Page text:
Is there an ancient culture in which women were not treated as property?

Answer by Raakhee V. Menon:

Among the others mentioned on other answers is the one I belong to.

I belong to the Hindu Nair community of Kerala, India. We follow a matrilineal system of inheritance. Although much has changed now regarding the inheritance of property, the social aspects still remain the same. The bloodline moves through the women of the family, not the men. For instance, I belong to my mother’s family, not to my dad’s.

Earlier, the family property (movable and immovable) was not allowed to move out of the family hands. Major chunks of the family property would be inherited by the daughters and their children. Smaller portions would be given to the sons and after they died, their property would be distributed equally among their sisters’ children. This went on from generation to generation. If you do the math, you would see that the family property kept exchanging hands within the family itself. This meant that the women were individually wealthy. The husbands did not have any right over the wives’ property. None at all.

As the bloodline moved through the girls, the birth of a girl child was (and still largely is) an occasion for huge celebration. A family with more daughters was viewed as lucky. The family would grow more, they’d say. A son was needed just for the purpose of doing the funeral rites for parents when they die. Even if they don’t have a son, the daughters’ sons can do the job. So having a son was not a big deal at all. It was considered desirable to be a girl in a Nair family than to be a boy, thanks to the elevated status.

Our womenfolk were considered equal to the menfolk. They were equally educated in matters of state and in matters of warfare. There was no reason why anybody would think of them as inferior. They were wealthy, they were educated, and they called the shots at home. Their say in family matters held more value than that of their brothers. Even the concept of ‘marriage’ meant something very different to Nairs than what it meant to everyone else. You can read about it in detail on my article here → Is it true that Kerala had no marriage culture in ancient India (1914)?

There are several theories that have been taking rounds of folklore since time immemorial about the origins of Nairs. Some say that Nairs are not indigenous to Kerala. They came down from the foothills of the Himalayas and settled in Kerala. Some say that they are descendants of the Nagas and that it is a branch of the Nair clan that still live in Meghalaya, where they follow almost identical social hierarchies. The culture and customs of present day Nairs was a result of several generations of attempts at assimilation with the other people of the region. Though they have adopted several aspects into their own culture, some still remain very distinct from everyone else. Some even say the community name Nair itself is an off-shoot from the word Naagar, meaning ‘of the Naga clan’. There is also the additional aspect of Nairs being one of the only clans in south India that still do serpent worship. Some theories say that Nairs were the warriors of Emperor Ashoka who settled in Kerala. I don’t know which of these are true and which are not. But Nairs are a warrior clan and it was not restricted only to the men. The women were equally powerful.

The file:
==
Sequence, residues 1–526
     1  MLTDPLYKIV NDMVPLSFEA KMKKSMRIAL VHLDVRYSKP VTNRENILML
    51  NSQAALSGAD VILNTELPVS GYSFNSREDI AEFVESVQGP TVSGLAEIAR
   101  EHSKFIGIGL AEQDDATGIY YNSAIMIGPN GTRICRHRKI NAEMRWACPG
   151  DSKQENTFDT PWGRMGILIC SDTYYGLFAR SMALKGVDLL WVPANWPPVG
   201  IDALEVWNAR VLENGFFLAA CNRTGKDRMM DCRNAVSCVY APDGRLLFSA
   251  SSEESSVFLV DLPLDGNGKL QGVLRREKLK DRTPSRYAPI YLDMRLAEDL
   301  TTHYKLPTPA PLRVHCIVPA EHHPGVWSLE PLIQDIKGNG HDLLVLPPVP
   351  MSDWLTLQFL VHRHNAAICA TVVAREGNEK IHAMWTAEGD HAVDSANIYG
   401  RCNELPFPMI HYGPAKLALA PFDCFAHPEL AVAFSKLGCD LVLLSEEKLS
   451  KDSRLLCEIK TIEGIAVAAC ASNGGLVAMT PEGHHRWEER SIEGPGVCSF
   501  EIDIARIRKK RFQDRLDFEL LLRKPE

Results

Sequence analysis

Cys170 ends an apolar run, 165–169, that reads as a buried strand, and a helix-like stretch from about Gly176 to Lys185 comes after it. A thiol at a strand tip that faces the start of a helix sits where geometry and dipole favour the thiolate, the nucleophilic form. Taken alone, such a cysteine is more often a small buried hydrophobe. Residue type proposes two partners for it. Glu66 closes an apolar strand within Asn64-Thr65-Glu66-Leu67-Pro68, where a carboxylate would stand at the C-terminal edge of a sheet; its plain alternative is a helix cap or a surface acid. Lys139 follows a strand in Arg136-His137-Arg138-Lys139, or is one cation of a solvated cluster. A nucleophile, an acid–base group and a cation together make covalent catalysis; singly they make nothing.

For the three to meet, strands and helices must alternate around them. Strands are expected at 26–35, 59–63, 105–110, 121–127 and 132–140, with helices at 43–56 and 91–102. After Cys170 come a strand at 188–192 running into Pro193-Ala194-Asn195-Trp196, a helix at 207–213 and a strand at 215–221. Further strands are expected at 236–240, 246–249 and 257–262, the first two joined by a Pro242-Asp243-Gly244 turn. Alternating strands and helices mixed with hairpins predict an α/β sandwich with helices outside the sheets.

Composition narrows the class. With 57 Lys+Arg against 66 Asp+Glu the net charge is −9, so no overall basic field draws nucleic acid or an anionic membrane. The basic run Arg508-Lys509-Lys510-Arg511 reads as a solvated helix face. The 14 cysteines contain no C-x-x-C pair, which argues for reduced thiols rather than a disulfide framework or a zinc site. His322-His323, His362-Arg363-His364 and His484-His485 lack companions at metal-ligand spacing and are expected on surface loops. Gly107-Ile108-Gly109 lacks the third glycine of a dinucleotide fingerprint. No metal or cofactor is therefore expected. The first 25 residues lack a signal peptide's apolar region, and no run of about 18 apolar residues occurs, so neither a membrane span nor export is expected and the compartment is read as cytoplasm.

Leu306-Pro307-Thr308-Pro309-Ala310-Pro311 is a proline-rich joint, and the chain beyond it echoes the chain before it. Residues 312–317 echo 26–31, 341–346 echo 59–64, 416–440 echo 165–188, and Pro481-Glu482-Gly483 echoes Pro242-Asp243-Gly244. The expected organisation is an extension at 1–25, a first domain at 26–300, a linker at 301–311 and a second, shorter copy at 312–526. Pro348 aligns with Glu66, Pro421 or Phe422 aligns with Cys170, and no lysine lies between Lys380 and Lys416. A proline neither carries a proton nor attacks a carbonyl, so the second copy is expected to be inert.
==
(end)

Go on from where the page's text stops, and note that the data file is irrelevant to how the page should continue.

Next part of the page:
A lot of changes were brought into the system by the law that was goaded mainly by disgruntled Nair men who saw the exalted positions men held in other societies and felt oppressed. It was sometime in the late 1960 or early 1970s that they brought in a revised Hindu Property Act that gave equal right of inheritance of property to men and also ruled that after death, the property owned by the parents will be inherited by the offspring. Due to this, a lot of our landed property and other valuables got distributed all over the place. People who inherited property/valuables that once belonged to a particular family may not hold it in equal reverence as the original owners did or would not have sentimental value for it. So they sold off a lot of it to willing buyers.

So a lot has changed since those days of old. But even today, Nair couples hope and pray to be blessed with a daughter and some keep trying until they get a daughter. One family we know had three sons in the process of trying to get a daughter. They even considered doing something medically to get a daughter. But their doctor said that all future attempts will also result in sons and that it’s better that they quit trying. They were quite dejected.

In case anyone is interested in some further reading, here are a few links to articles I have written about my clan:

Is there an ancient culture in which women were not treated as property?

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